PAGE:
Once you've been introduced onstage, the first thing you need to do is thank the person who introduced you, or acknowledge the event in a complementary light. It may seem like it goes without saying, but the bright lights can turn your brain completely blank. Besides, being appreciative and recognizing others is a win-win situation to be in, and people always remember how you made them feel over what you actually said.

5. Slow down

If you feel like your words and breath are getting away from you, slow down the rate at which you're speaking to a speed where a person jotting down notes of what you're saying would be able to follow along. Doing this will allow you to have a chance to actually hear the words that you're saying, remain in control and let you brain slow down all the processes that are happening simultaneously. By doing this your audience will be able take all your words in, and follow along with all the points you are making, and in turn be able to recall them better once the event has ended.

Anna Roberts

Founder and Managing Director, Nudge

Anna Roberts, a radio and TV presenter in Dubai, is the founder of Nudge, a communications advisory specializing in public speaking and media training. Anna has interviewed the worlds most high profile sports stars and corporate leaders and believes that business success stems from authentic and effective communication.

Her belief is that everyone should have the tools and confidence to give their ideas a voice, from entrepreneurs pitching for investment through to keynote presentations.

See her work across print regional publications and online on her website where she discusses everything from how to handle a media scrum through to elevating your confidence on stage. Visit and talk to her on Twitter @ImAnnaRoberts #TheNudgeEffect.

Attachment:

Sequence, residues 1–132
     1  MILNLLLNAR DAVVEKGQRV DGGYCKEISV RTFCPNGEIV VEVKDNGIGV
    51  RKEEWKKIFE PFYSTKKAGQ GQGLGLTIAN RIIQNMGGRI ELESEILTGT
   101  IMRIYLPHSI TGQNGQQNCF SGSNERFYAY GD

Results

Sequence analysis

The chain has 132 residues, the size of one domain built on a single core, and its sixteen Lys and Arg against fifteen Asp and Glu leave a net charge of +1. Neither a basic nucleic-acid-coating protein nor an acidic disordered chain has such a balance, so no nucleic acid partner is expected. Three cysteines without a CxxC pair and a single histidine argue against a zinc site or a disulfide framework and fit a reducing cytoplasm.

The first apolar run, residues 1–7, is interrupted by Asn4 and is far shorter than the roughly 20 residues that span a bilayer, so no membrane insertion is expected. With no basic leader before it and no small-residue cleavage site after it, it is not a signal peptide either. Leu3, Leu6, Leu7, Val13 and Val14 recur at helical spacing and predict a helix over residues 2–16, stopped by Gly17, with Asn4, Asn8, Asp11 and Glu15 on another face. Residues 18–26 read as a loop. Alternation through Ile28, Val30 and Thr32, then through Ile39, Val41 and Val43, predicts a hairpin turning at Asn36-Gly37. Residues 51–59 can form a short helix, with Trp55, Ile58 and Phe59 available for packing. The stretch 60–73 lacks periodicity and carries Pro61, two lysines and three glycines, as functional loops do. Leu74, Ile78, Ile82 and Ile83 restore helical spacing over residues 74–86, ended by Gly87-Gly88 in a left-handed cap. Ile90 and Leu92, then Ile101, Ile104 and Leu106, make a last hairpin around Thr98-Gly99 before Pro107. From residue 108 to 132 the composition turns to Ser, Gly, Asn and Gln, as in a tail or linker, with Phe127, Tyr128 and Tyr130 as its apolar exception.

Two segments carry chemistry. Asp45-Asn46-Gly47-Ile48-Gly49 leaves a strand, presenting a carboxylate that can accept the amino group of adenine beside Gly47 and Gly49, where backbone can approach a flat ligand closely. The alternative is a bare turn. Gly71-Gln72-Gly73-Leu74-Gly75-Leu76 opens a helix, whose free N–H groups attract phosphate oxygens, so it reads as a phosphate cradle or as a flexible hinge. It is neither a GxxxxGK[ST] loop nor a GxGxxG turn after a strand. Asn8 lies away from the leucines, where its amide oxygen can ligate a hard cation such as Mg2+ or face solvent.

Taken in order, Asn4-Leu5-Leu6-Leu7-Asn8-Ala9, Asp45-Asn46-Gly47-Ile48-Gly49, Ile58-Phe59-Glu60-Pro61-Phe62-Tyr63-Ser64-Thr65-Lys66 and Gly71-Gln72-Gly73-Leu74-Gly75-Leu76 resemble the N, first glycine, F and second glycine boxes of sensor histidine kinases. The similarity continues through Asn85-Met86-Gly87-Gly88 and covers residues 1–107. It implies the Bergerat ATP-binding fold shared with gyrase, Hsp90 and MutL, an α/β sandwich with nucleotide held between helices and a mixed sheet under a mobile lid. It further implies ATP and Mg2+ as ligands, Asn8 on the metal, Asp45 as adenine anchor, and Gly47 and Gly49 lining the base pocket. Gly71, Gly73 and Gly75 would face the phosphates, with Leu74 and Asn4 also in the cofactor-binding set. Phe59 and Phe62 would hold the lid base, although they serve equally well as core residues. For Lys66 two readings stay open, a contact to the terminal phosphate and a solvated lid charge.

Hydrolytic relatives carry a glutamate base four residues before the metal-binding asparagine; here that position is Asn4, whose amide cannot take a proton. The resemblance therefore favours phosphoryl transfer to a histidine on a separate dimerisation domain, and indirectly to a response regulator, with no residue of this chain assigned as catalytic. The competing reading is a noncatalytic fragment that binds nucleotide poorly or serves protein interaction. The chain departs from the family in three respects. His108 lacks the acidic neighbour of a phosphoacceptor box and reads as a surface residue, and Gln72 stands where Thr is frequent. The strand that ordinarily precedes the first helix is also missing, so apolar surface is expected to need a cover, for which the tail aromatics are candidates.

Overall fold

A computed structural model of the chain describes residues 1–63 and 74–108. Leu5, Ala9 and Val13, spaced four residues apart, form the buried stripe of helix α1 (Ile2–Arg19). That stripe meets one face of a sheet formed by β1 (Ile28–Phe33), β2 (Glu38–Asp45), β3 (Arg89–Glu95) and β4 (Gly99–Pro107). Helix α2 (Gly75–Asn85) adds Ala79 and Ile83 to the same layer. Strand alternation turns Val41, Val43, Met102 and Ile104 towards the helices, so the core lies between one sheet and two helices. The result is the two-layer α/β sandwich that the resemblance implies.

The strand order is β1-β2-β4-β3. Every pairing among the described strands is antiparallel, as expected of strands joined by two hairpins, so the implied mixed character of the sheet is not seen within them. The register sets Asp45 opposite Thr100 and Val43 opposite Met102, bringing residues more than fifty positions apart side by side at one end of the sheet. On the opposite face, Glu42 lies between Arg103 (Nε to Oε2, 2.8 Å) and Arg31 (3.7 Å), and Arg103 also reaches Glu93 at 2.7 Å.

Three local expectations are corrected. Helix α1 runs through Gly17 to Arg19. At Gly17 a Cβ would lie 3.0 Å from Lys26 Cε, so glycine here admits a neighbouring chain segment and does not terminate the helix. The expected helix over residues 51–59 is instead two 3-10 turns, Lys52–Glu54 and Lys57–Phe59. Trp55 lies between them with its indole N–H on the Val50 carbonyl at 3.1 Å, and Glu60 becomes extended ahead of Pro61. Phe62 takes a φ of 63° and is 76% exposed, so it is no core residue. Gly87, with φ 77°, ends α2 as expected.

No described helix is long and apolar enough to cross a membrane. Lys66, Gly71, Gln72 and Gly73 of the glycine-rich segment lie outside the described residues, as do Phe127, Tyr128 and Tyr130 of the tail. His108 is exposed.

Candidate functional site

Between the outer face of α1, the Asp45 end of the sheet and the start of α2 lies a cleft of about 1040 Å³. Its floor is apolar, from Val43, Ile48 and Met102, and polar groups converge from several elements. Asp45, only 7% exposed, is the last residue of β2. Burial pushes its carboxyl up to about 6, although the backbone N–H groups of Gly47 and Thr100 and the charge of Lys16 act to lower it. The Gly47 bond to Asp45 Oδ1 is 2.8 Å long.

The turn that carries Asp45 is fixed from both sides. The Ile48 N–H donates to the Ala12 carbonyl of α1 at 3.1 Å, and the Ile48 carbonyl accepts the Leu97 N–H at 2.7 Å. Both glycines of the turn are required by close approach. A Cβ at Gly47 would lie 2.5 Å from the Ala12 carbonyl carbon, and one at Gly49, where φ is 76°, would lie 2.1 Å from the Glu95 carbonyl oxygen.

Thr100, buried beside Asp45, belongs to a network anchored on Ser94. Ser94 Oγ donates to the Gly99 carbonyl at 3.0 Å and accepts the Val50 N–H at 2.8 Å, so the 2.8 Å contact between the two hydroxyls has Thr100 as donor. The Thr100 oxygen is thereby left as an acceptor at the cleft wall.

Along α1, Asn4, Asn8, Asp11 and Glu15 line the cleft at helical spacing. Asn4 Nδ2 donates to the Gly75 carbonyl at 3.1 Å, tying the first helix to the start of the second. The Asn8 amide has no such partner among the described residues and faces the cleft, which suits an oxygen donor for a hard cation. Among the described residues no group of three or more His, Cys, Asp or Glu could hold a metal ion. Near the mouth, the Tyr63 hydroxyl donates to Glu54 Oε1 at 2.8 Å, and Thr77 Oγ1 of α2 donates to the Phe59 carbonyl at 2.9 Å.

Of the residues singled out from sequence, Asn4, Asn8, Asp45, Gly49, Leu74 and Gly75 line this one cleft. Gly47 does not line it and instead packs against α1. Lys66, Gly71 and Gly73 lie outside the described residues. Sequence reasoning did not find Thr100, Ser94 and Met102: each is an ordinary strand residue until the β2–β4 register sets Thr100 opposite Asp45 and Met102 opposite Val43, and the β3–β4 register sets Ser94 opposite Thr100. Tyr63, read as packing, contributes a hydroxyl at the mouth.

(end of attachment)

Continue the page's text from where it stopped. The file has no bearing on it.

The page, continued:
Related Topics


Entrepreneurship For Introverts: The How-To

Here's how you can make your personality type work for you.

Thought Leaders

How to Keep a Virtual Audience Captivated

I got trolled, and learned an important lesson in taking public speaking from the stage to the screen.

Starting a Business

Its First Year, This Startup Struggled to Get 75 Clients. Five Years Later, They Have 18,000. Here's How They Did It.

Financial planning startup Facet knew they were targeting a huge untapped market. But getting clients wasn't as easy as they hoped.


Here's How Critical Thinkers Unlock Unimaginable Success

On this episode of "The Jeff Fenster Show," Contrarian Thinking founder Codie Sanchez breaks down risk-taking, deal-making, and the personal mental processes that will help you achieve your goals.

Business News

Here's the Secret to Growing Your Small Business, According to Execs at UPS, Airbnb, Mastercard, and Other Big Brands

These 10 executives work at big companies, overseeing programs that help small business. Here's the advice they wish all small business owners were getting.

Starting a Business

7 Realistic Ways to Make Money Online

From leveraging the app economy to blogging, the Internet offers a variety of opportunities for raking in money.